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Rise of the Machine

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Machinery cuts disks from sheets of thinly rolled dough to create San Antonio's staple tortilla. (Photos by Mark Greenberg)
Rise of the Machine

By Ron Bechtol


SA's Sanitary Tortillas is the oldest tortilla manufacturer in the U.S.

"Delgaditas or gruesas?" This is the kind of question you might get if you decided to forego making your own tortillas for the expedient of purchasing them from one of San Antonio's stalwarts such as Sanitary Tortillas. Established in 1925, Sanitary was the first manufacturing company in the United States to make tortillas by machine. The original maquinas (the Smithsonian is interested in them, I'm told) plus several replicas are used daily for the thick, table-quality corn tortillas that Jesse Villareal sells to more than 100 restaurants and 30 schools around town. Villareal uses 2,500 pounds of dried

Since 1925, Sanitary Tortillas has been producing tortillas with the maquina.
corn a day ("The best corn in the world comes from west of San Antonio," he claims) to produce upwards of 90,000 tortillas. Aside from some contemplated mechanization in the corn-cooking end of the operation, he plans to keep making them the old way well into the future.

Although it hardly looks high-tech, a new machine produces thinner tortillas used for tacos and chips. It's faster and quieter, but an on-the-spot taste test makes it clear that the older machines produce a superior tortilla: They are not only thicker, but much more moist, and better tasting, even if the masa is exactly the same. "We don't use any preservatives, so `the table tortilla` has a short shelf life," says Villareal, "but that's why we're open seven days."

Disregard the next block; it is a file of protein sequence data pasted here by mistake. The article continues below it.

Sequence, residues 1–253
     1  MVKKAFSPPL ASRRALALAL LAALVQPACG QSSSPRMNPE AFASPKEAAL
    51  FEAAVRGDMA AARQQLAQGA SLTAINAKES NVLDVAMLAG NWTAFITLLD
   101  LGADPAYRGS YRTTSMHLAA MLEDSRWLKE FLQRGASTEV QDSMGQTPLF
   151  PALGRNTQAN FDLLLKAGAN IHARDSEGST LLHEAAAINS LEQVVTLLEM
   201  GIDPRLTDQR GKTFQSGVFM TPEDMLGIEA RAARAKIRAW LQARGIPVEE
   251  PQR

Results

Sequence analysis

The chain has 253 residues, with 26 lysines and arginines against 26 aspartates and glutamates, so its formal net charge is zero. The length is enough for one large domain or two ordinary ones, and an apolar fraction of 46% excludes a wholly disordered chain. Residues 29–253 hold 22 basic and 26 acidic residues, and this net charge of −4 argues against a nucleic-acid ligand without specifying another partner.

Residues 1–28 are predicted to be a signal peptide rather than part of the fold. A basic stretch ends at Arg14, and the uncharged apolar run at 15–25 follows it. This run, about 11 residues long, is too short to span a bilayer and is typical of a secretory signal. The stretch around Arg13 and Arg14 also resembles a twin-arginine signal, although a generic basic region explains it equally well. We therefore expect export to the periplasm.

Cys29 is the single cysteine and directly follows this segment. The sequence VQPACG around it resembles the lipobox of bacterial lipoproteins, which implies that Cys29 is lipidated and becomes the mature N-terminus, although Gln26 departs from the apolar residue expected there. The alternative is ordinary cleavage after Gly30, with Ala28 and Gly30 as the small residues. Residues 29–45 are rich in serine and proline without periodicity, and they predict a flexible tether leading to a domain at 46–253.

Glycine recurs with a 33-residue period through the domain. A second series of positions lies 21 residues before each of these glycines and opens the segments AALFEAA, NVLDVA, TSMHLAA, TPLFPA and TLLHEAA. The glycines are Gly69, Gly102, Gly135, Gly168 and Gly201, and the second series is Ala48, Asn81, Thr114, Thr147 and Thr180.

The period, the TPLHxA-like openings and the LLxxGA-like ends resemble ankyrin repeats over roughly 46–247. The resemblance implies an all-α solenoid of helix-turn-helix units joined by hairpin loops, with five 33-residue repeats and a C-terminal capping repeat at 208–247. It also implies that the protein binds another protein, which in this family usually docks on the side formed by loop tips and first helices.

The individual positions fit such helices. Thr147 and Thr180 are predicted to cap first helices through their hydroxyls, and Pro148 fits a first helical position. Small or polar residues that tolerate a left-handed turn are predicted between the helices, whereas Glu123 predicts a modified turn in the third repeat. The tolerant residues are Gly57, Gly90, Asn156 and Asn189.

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Romelia Garcia, an assembly line worker at Sanitary, speeds along the production of tortillas early in the morning.
Although most of their trade is commercial, you can still walk up to the counter at Sanitary Tortillas and order. Fresh tortillas - thick ones, thin ones, and the red ones destined for enchiladas - are kept warm in large, insulated chests behind the counter. (You can also pick up a tortilla press for $6.99 just in case the mood strikes.) On weekends, there used to be lines out the door all the way to the sidewalk, recounts Villareal - but that's before the Near West Side neighborhood was subjected to urban renewal. Having survived Cortez, European influences, and city planners with amazing resiliency, the tortilla seems able to take on all comers - and, in fact, to be poised for a renaissance in light of the country's growing Hispanic population. •


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